While it was the year 668 A.E. [1219], King Lewon grew ill and died of that illness. But while he was still alive, his princes came to him together with Lord Yohane's, the kat'oghikos. When he realized that he was departing this world, he ordered that he be taken from Sis and taken on the road to Akner, which he himself had constructed, so that when he died he would be buried there. While on he road, he summoned all of them and counseled them to remain unshakable in their love for each other, and brave in the defense of the land, and to keep unblemished faith with his young daughter, Zape'l, whom he had left as the heir of his lordship. [104] He also appointed as tutor of his young daughter the great prince Sir Adam (Siratan), who was lord of many fortresses and districts from Selewia to [the area] close to Kalo'no'ro's, which to this day is called after his name, the land of Sir Adam. His rank was seneschal (seneskal) of the Armenians, and to him did the king entrust his daughter, together with others [including] the patriarch Yohane's, and all the princes [g222], and he counseled them. Having reached the village of Mrvan, he halted there, since his body had weakened from pain. Present there was a virtuous vardapet, Grigor, who was also called Skewr'ats'i, who administered the final holy communion [to the king]. And, as we mentioned earlier, the son of the Hungarian king was in the vicinity and came to become [Lewon's] son-in-law, and [Lewon] ordered his princes to implement the oaths they had sworn to him and to wed his daughter, Zape'l, with the son of the king [of Hungary] who had arrived there, and to immediately rule as king over them. Then [Lewon's] spirit began to depart from this world of care, and he concerned himself with what was [spiritually] proper, and [the matter of] burying his body in the blessed congregation of Akner. He summoned the blessed vardapet Grigor and confessed his sins and professed the orthodox faith, and took communion from the hands of the blessed vardapet, thanking God. This happened on May 1st. Then there was contention as to where the body should be buried, for the kat'oghikos, Lord Yohane's, insisted that the body should be taken to Drazark, and the princes [insisted on] Akner, which [Lewon] himself had insisted on. When he was translated to Christ with a goodly confession, they resolved [the issue] as follows: his entrails would be removed and buried at Akner and his body would be taken to Sis and placed in his tomb in the church. May the lord God have mercy on him and forgive his sins.

In the year 660 A.E. [1220] the princes who were in Cilicia, Armenians and Greeks, paron Vahram and others at Tarsus, some 5,000 men, came against the bailli (payloyn) of the Armenians, paron Kostandin, in rebellion. Meanwhile the bailli of the Armenians was in Sis with very few troops. And when news of their coming to [g223] Mamistra reached him, the bailli of the Armenians went toward them with 300 men. When he reached Mamistra and did not find that they had arrived, he arose and went along the road to Adana and encountered them between Adana and Mamistra. Observing their great multitude, he encouraged and exhorted his few troops. When they reached a place where there was a small bridge, they attacked and put them to flight, pursuing as far as Tarsus. They put no one to death, rather they took their horses, weapons, and clothes and released them with nothing. Now the princes of Tarsus went and entered the city, closed the gates, and mounted the ramparts where they warred against those who had expelled them. A certain man from the city, named Vasil, was an informer for the bailli who had promised him whatever he wanted. In the evening he opened the gates and the bailli and his troops entered the city, looting the Greeks' property. Now those princes fled the city and took refuge in the citadel which was beautiful and impregnably fortified. The wise Kostandin, bailli of the Armenians, convinced them with his words [to surrender] without a fight. He arrested them and put them into prison. There were those among them that he freed, and those who died there. In the same year the kat'oghikos, Lord Yohane's, reposed in Christ and was buried at Drazark. Then the bishops and vardapets assembled and deliberated to select a new kat'oghikos of the Armenians. Now it happened that the princes were divided since there was no king whose choice they could implement. The bailli, paron Kostandin, wanted Lord Kostandin Bardzrberdts'i [for kat'oghikos] while paron Kostandin Lambrunts'i wanted vardapet Grigor Skewr'ats'i. God who always heeded [the wishes of] Kostandin, bailli of the Armenians, at this time also [g224] listened, and so they enthroned Lord Kostandin Bardzrberdts'i as kat'oghikos of the Armenians [Kostandin I Bardzrberdts'i, 1221-1267].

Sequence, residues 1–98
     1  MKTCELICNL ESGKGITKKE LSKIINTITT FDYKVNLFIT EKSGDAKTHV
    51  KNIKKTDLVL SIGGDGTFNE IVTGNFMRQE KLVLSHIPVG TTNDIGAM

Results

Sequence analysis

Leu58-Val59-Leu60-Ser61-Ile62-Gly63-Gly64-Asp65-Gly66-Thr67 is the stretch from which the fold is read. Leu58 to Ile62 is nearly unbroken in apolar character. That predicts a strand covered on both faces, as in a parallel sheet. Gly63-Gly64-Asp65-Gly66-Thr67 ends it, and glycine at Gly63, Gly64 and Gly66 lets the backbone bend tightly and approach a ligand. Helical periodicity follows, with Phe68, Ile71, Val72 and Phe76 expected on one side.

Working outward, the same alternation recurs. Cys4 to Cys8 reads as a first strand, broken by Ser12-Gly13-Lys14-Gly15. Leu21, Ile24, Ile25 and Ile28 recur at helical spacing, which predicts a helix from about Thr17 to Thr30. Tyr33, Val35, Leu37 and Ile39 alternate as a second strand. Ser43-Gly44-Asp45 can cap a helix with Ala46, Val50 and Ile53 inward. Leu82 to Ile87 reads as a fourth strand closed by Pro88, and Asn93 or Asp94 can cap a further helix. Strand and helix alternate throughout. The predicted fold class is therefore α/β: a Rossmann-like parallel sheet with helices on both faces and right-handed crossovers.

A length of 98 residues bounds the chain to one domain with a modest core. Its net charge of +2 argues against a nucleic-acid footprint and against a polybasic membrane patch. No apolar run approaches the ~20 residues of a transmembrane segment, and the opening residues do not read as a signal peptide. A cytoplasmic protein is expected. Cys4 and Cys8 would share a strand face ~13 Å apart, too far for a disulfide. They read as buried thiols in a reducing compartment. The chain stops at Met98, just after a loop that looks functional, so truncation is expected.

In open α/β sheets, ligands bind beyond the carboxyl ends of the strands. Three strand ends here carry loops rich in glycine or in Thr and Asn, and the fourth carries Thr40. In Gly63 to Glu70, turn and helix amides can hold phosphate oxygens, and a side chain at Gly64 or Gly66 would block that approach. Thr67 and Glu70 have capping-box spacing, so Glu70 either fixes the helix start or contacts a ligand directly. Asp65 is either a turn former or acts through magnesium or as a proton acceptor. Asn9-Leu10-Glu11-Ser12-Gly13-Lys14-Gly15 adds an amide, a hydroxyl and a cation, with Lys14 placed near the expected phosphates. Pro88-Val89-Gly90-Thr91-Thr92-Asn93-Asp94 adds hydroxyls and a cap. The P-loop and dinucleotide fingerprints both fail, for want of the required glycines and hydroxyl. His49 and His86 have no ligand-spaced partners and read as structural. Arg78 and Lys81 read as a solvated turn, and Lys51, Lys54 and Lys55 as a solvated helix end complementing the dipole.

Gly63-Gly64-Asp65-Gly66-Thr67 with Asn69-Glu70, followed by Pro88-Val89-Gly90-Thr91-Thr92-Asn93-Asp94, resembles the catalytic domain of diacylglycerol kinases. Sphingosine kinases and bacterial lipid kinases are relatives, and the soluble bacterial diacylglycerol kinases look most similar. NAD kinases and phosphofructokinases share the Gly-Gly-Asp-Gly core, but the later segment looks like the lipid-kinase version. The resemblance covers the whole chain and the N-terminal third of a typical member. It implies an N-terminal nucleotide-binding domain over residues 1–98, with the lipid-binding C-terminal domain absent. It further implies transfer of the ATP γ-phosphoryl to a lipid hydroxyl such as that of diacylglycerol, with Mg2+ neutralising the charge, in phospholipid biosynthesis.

[105] In the year 671 A.E. [1222] they took Phillip, son of the count of Tripoli and prince of Antioch, gave him as a wife King Lewon's daughter, Zape'l, and made him king of the House of the Armenians. [This was] because the son of the king of Hungary had not come when he heard about the death of King Lewon. As soon as Phillip had become king, he became tyrannical toward the Armenian princes, loathing them, and, gathering up the the belongings of King Lewon, insulted him and gradually started taking [Lewon's accumulated] wealth to Antioch. Now the Armenian princes did not stand for such things. Consequently, they seized [Phillip] and incarcerated him, and there was great contention between them and the Antiochenes, until [Phillip] was eliminated. And then there was peace.